Hold On to Your Music: The Inspir­ing True Sto­ry of the Chil­dren of Willes­den Lane

Mona Golabek and Lee Cohen, Emil Sher (Adap­tor), Sonia Pos­sen­ti­ni (Illus­tra­tor)

  • Review
By – January 28, 2022

Pianist Mona Golabek has pre­vi­ous­ly writ­ten the sto­ry of her mother’s life for adult and young read­ers. Now, in an adap­ta­tion by Emil Sher, a pic­ture book ver­sion based on the ear­li­er works offers a new way to present Golabek’s family’s past. The book fol­lows Lisa, a young Jew­ish girl, through her expe­ri­ence of suf­fer­ing and loss under the Nazi occu­pa­tion of Vien­na, her find­ing refuge in Lon­don, and the begin­nings of her musi­cal career. With­out min­i­miz­ing Lisa’s anx­i­ety and haunt­ed feel­ings about the past, Golabek frames the nar­ra­tive as an inspi­ra­tional one; Lisa learns to inter­nal­ize her mother’s advice, find­ing solace in music even when con­front­ed with dis­cour­ag­ing obstacles.

The book opens with a descrip­tion of Vienna’s majes­tic build­ings and of the city’s tra­di­tion of musi­cal great­ness. Lisa hopes to play the music of Mozart and Beethoven in pub­lic one day. Of course, that dream ends as the Nazis seize pow­er, and Lisa’s music teacher refus­es to teach Jew­ish pupils any longer. Lisa con­tin­ues to play the piano with her moth­er, but soon her par­ents send her to safe­ty in Britain on the Kinder­trans­port. Only a lim­it­ed num­ber of Jew­ish chil­dren were per­mit­ted to par­tic­i­pate in this pro­gram, and their par­ents could not accom­pa­ny them. Lisa’s moth­er urges her to hold on to your music,” as she boards the train full of oth­er fright­ened young refugees.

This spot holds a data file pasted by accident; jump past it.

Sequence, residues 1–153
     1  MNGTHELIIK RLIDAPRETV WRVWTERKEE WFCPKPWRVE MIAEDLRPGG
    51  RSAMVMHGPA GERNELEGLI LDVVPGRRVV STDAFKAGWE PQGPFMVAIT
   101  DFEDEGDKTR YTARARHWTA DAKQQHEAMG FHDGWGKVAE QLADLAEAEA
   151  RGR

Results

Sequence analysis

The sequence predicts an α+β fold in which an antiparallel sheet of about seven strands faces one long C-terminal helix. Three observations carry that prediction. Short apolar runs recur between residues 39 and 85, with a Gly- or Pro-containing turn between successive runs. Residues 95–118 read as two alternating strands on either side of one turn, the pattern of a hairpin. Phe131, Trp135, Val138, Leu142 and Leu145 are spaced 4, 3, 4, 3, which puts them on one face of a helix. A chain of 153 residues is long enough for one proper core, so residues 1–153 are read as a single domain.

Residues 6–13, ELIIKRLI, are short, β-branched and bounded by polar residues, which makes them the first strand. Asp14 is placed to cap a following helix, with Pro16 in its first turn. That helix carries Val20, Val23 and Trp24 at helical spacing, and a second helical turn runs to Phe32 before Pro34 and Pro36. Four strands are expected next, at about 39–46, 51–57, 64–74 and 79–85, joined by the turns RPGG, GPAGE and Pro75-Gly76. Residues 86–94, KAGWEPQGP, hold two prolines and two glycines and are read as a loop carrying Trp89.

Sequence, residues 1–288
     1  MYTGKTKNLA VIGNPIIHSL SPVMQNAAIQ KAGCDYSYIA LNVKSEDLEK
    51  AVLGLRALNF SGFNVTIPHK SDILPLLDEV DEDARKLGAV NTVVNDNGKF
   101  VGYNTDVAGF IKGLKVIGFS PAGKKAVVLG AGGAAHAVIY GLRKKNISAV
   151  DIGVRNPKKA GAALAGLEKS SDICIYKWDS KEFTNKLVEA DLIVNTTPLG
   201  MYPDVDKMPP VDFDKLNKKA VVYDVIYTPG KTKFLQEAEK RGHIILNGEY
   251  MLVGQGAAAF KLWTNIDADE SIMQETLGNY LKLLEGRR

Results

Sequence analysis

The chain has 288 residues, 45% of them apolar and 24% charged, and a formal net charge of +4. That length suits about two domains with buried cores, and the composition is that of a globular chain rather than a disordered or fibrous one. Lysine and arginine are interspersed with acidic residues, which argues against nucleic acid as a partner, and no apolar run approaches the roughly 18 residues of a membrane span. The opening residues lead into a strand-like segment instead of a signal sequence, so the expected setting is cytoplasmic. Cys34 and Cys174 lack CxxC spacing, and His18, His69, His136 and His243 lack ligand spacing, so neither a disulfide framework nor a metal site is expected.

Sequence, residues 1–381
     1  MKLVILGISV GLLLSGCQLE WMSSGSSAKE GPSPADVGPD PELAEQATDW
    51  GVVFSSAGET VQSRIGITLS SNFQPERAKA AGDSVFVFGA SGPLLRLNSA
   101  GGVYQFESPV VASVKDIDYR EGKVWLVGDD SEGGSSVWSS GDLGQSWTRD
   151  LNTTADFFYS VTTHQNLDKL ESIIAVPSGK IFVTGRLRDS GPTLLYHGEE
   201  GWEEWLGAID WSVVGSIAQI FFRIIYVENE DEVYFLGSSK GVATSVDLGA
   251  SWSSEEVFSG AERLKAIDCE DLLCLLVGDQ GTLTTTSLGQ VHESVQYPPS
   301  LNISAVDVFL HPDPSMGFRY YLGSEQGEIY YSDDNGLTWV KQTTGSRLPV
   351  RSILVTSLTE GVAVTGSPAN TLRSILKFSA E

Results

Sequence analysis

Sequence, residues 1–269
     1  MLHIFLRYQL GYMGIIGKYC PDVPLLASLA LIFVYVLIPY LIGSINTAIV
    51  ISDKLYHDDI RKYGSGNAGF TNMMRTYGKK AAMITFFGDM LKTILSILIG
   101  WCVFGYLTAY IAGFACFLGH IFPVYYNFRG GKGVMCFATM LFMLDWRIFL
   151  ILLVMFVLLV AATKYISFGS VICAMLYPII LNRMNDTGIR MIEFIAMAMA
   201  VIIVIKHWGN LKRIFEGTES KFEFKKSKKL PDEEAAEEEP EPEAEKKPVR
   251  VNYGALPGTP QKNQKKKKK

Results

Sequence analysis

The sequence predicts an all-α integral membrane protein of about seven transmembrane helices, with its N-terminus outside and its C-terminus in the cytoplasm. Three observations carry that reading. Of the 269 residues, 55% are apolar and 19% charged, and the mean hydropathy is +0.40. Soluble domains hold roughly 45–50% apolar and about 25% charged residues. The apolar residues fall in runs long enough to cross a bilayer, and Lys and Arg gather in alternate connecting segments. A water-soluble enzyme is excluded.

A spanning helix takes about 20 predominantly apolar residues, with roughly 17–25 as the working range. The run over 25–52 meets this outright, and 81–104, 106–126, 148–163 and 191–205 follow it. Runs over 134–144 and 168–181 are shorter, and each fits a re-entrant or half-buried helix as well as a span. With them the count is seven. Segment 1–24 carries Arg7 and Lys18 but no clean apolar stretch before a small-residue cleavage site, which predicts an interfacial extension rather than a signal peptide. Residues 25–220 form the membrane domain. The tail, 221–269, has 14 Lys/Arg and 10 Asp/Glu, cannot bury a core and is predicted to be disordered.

Many of the Jew­ish chil­dren res­cued this way con­front­ed an ambiva­lent wel­come in their new home, some­times placed with fam­i­lies who exploit­ed them or who sim­ply failed to under­stand the emo­tion­al con­se­quences of this abrupt uproot­ed­ness. Lisa is for­tu­nate to find a place in a group home on Willes­den Lane, where thir­ty-two chil­dren live in com­fort under the super­vi­sion of Mrs. Cohen. How­ev­er, this is not a fairy tale where a benev­o­lent pro­tec­tor shel­ters her in lux­u­ry; the book is real­is­tic in describ­ing how Lisa is required to work in a fac­to­ry sewing uni­forms. But she does have access to a piano and she con­tin­ues to prac­tice, even as the Blitz sub­jects London’s res­i­dents to night­ly bomb­ing. When Lisa is offered the oppor­tu­ni­ty to audi­tion for the Roy­al Acad­e­my of Music, she assumes that her sta­tus as a Jew­ish refugee will pre­vent her from being admit­ted, but her fears are not real­ized. Her debut con­cert is not only a musi­cal per­for­mance but an expres­sion of her endur­ing con­nec­tion with her mother.

The illus­tra­tions by Sonia Pos­sen­ti­ni are unusu­al, com­bin­ing real­ism with intense emo­tion. Build­ings and inte­ri­ors are ren­dered in great detail; Lisa’s piano, her sewing machine, and the thick­ly tex­tured cloth­ing in deep col­ors add dra­ma to the sto­ry. Char­ac­ters’ facial expres­sions are styl­ized and impres­sion­is­tic. Crowd scenes have a cin­e­mat­ic effect, con­vey­ing the enthu­si­asm of a con­cert audi­ence and the excite­ment of Lon­don­ers cel­e­brat­ing the war’s end. Togeth­er, the text and pic­tures present an uplift­ing sto­ry but also a child’s aware­ness of injustice.

Hold on to Your Music includes an after­word by the author and his­tor­i­cal back­ground information.

Emi­ly Schnei­der writes about lit­er­a­ture, fem­i­nism, and cul­ture for TabletThe For­wardThe Horn Book, and oth­er pub­li­ca­tions, and writes about chil­dren’s books on her blog. She has a Ph.D. in Romance Lan­guages and Literatures.

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